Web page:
Five useful apps to help you farm smarter
Farmers in Kenya are getting empowered everyday through innovative technologies that is helping them reduce costs, maximise yields and profits, and still be incredibly efficient.
Here are five mobile apps and websites making farming life easier to farmers in Kenya;
Farmers vow to boycott maize farming over poor prices
DigiCow targets smallholder farmers and enterprise engaged in dairy farming, enabling the farmer to increase profits through data driven decision making. The app is accessed and installed from google play store, with the farmer required to register and secure his information with a pin.
The next thing is for the farmer to key in data to capture cow details, milk production, milk sales, health breeding and feeding information. The app is designed to use data and feedback production, financial reports, breeding and health reports.
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NAFIS is an information service developed by the National Agriculture and Livestock Extension Programme (NALEP) to enable farmers get extension information simply by calling the service or browsing the NAFIS website.
NAFIS displays free market prices on their website although sometimes the information is not updated, it provides a relatively accurate picture of prices on the ground.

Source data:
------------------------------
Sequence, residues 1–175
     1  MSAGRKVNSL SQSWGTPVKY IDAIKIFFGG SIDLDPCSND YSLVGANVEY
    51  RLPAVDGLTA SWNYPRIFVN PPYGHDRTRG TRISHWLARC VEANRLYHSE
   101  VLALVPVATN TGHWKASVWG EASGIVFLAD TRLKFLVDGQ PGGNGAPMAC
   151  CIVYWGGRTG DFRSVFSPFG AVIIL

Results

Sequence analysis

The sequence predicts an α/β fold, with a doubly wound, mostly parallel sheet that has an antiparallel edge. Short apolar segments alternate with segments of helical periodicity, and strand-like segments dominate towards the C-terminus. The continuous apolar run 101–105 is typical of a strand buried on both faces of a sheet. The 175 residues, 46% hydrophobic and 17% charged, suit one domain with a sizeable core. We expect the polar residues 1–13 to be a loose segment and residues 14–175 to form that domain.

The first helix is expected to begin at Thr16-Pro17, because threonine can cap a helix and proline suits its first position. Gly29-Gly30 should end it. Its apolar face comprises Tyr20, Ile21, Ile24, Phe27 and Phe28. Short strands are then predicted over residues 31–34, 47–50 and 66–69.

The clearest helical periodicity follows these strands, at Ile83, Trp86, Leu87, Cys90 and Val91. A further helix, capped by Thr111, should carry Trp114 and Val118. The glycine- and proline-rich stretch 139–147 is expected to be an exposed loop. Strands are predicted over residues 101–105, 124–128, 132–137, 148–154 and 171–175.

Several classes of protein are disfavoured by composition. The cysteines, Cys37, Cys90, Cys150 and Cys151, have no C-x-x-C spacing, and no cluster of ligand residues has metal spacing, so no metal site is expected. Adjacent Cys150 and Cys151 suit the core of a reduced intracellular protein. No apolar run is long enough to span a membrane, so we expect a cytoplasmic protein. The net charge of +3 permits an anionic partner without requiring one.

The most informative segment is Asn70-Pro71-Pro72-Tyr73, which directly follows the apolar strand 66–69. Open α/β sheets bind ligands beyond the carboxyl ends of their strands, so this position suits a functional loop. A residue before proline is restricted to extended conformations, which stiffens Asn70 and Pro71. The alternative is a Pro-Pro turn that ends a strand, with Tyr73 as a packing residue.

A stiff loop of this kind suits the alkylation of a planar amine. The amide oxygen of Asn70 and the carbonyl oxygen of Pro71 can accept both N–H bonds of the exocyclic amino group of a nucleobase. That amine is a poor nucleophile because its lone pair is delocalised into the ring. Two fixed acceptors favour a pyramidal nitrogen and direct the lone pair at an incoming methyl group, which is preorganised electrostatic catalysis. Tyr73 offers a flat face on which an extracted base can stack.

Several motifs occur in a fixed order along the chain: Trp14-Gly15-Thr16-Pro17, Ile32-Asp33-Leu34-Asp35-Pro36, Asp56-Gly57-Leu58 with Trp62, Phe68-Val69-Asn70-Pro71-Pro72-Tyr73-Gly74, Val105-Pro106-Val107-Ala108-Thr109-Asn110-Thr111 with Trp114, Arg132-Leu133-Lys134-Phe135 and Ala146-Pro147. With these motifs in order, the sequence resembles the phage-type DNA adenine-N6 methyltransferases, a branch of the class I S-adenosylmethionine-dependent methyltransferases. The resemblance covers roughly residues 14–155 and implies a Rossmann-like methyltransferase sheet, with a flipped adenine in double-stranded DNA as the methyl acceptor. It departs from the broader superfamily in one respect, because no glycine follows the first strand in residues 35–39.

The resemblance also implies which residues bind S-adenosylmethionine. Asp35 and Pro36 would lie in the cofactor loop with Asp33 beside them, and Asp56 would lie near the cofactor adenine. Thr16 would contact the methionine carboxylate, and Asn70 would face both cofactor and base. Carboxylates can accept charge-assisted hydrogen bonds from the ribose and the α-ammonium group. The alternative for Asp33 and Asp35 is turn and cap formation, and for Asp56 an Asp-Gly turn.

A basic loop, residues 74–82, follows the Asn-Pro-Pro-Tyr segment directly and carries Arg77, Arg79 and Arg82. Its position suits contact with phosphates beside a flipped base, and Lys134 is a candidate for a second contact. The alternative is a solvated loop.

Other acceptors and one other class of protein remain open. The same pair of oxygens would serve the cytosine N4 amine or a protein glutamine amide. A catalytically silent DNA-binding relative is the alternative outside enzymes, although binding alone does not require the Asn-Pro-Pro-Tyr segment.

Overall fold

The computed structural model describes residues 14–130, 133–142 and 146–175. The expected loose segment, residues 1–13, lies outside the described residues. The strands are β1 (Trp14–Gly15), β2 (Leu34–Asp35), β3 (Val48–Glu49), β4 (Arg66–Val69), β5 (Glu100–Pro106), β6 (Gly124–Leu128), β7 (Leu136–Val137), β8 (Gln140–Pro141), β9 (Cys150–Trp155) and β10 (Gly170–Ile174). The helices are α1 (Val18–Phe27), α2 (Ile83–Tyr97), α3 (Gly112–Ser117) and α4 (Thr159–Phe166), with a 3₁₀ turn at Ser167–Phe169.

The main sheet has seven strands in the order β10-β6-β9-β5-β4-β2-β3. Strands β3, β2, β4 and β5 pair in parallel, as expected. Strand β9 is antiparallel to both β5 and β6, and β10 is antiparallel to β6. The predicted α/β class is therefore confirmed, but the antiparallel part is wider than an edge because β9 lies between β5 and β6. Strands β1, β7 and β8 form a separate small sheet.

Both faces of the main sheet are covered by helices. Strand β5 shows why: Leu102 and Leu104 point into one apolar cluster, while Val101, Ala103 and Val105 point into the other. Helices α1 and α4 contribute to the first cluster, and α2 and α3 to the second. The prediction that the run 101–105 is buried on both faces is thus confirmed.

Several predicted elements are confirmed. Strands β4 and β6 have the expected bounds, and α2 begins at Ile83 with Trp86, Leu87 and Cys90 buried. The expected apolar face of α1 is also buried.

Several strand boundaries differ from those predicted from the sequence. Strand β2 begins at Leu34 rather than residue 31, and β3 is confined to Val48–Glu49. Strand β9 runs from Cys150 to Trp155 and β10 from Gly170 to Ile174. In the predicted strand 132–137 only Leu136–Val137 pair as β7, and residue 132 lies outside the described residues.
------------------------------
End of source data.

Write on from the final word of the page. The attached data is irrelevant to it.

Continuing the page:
Market prices of vegetables are usually dodgy in Kenya especially when brokers are involved so these figures are usually there to guide you on what to expect.
Maize farmers yet to receive Sh1billion released by government
FarmDrive connects you to loans and financial management tools, all through your mobile phone. FarmDrive does this through a credit score, generated by an algorithm developed by the team. The algorithm relies on data-sets collected from the farmers through their mobile phones, alternative data and machine learning.
Budget Mkononi is a web-based agricultural budgeting tool that allows young farmers to plan and budget for their farm. It is a joint initiative of Mercy Corps AgriFin Accelerate programme and The Mediae Company that was developed by Regulus Ltd. Budget Mkononi was initially designed to enhance the financial literacy on the TV show, Don’t Lose the Plot, created and produced by Mediae.
Through the budgeting tool, users can identify the basic costs and elements required to set up and run their farming enterprise, along with revenue flows and timelines.
By entering their crop and acreage, the user receives detailed information stretching from seed prices, planting dates, best practice tips and a detailed timetable of crop growth. The tool is optimised for mobile phone connections and is specifically targeted at the youth, in order to encourage them to view farming as a viable and sustainable career venture.
Digital Farmers Kenya is a Facebook group aimed at encouraging members to exchange farming ideas and latest farming technologies that can improve farming practices. Farmers are also able to sell their farm produce through the group by posting pictures and exchanging contacts.
[Joseph Boit, the writer, is the brains behind the Graduate Farmer website and the 2017 BAKE Award Agriculture category winner]